Biodiesel, as an alternative renewable fuel, has been receiving increasing attention due to the limited supply of fossil fuels and the increasing need for energy. Microalgae are promising source for lipids, which can be converted to biodiesel. The biodiesel production from microalgae lipids using lipase catalyzed reaction in supercritical CO2 medium has several advantages over conventional production processes. However, identifying the optimum microalgae lipid extraction and transesterification conditions is still a challenge. In this study, the quality of biodiesel produced from lipids extracted from Scenedesmus sp. and their enzymatic transesterification using supercritical carbon dioxide have been investigated. At the optimum conditions, the highest biodiesel production yield was found to be 82%. The fuel properties of the produced biodiesel, without any separation step, at optimum reaction condition, were determined and compared to ASTM standards. The properties were found to comply with the limits, and showed a low glycerol content, without any separation step.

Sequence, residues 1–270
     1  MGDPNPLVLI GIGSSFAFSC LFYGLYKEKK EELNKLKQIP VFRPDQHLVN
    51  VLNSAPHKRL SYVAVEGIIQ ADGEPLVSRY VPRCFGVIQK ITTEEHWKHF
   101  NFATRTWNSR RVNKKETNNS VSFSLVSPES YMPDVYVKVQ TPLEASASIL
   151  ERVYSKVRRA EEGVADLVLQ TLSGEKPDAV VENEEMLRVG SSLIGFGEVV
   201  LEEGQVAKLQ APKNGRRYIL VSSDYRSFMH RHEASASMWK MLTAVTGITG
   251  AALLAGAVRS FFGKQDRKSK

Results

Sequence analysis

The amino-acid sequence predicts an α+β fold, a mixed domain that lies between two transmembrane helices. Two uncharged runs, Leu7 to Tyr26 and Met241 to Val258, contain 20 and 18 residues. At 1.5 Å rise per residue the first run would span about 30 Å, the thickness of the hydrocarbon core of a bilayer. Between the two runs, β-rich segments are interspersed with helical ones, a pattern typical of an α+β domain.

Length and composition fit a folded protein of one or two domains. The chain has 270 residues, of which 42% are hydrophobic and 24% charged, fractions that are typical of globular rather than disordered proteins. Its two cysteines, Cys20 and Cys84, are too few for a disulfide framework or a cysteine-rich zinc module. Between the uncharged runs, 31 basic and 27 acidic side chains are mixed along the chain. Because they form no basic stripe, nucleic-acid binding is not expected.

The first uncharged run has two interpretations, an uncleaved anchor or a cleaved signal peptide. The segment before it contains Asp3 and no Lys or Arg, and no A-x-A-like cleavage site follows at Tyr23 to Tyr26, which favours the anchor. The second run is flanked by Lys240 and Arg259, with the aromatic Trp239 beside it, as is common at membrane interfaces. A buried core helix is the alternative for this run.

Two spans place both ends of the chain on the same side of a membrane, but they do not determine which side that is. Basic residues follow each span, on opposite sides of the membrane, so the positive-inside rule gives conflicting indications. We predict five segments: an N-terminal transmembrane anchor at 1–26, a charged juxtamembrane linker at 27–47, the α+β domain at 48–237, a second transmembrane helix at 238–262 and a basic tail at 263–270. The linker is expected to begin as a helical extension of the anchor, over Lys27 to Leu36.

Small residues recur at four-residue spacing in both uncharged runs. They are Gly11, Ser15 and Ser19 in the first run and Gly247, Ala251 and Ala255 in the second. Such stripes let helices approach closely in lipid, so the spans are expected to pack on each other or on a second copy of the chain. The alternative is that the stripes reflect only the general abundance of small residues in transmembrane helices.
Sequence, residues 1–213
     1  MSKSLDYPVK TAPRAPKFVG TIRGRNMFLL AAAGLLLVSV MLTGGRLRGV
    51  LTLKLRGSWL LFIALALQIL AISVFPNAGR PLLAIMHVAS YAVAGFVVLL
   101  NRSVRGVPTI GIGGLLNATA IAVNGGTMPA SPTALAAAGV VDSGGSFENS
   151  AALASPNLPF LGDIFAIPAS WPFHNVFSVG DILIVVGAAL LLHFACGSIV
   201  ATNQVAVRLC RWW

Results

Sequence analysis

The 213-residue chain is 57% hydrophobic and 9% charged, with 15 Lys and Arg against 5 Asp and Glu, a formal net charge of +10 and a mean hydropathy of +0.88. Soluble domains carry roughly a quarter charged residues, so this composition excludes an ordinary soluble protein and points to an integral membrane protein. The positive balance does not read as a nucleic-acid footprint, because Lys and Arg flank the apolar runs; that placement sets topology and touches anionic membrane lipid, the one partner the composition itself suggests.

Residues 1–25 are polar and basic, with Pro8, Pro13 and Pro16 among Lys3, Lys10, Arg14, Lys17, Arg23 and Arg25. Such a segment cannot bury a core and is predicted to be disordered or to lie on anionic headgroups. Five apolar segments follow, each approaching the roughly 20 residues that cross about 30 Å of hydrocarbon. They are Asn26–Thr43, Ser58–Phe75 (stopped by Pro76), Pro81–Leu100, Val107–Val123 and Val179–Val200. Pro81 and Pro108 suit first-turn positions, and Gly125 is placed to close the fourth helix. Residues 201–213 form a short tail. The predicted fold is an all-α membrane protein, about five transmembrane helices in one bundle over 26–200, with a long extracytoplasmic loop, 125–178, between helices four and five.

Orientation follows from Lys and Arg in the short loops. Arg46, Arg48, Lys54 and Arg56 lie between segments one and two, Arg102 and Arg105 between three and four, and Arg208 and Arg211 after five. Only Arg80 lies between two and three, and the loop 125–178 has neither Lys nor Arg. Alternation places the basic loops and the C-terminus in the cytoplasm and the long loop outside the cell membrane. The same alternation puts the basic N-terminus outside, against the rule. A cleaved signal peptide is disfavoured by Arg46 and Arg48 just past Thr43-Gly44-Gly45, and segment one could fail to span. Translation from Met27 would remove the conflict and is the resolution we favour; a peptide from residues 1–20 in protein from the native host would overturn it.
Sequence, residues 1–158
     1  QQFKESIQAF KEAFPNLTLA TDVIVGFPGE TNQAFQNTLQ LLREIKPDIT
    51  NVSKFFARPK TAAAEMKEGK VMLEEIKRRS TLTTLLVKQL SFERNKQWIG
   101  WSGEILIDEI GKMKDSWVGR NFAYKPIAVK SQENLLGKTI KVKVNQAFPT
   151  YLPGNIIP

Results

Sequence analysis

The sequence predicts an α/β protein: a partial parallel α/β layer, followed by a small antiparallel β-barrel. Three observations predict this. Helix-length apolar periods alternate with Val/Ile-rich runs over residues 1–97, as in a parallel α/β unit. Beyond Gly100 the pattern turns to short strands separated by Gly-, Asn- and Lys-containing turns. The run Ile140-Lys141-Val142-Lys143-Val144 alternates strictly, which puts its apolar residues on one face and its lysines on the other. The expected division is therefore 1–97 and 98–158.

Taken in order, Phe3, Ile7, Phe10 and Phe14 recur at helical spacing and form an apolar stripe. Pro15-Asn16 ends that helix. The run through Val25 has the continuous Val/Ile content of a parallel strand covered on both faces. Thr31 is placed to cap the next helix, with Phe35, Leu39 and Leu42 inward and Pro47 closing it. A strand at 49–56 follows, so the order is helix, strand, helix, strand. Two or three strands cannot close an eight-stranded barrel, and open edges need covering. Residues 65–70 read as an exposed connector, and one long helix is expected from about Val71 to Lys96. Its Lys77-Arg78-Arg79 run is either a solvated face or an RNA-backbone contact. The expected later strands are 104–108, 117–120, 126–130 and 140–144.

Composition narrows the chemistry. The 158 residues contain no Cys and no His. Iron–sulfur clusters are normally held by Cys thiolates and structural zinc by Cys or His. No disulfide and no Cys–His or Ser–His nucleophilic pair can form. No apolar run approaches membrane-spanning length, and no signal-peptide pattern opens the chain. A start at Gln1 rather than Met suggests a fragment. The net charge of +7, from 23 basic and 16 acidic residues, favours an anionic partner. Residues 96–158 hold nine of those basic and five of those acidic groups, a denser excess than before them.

Paper Detail
1709
downloads
75
10002050
A Thermodynamic Study of Parameters That Affect the Nitration of Glycerol with Nitric Acid
Abstract:
Biodiesel production from vegetable oil will produce glycerol as by-product about 10% of the biodiesel production. The amount of glycerol that was produced needed alternative way to handling immediately so as to not become the waste that polluted environment. One of the solutions was to process glycerol to polyglycidyl nitrate (PGN). PGN is synthesized from glycerol by three-step reactions i.e. nitration of glycerol, cyclization of 13- dinitroglycerine and polymerization of glycosyl nitrate. Optimum condition of nitration of glycerol with nitric acid has not been known. Thermodynamic feasibility should be done before run experiments in the laboratory. The aim of this study was to determine the parameters those affect nitration of glycerol and nitric acid and chose the operation condition. Many parameters were simulated to verify its possibility to experiment under conditions which would get the highest conversion of 1, 3-dinitroglycerine and which was the ideal condition to get it. The parameters that need to be studied to obtain the highest conversion of 1, 3-dinitroglycerine were mol ratio of nitric acid/glycerol, reaction temperature, mol ratio of glycerol/dichloromethane and pressure. The highest conversion was obtained in the range of mol ratio of nitric acid /glycerol between 2/1 – 5/1, reaction temperature of 5-25oC and pressure of 1 atm. The parameters that need to be studied further to obtain the highest conversion of 1.3 DNG are mol ratio of nitric acid/glycerol and reaction temperature.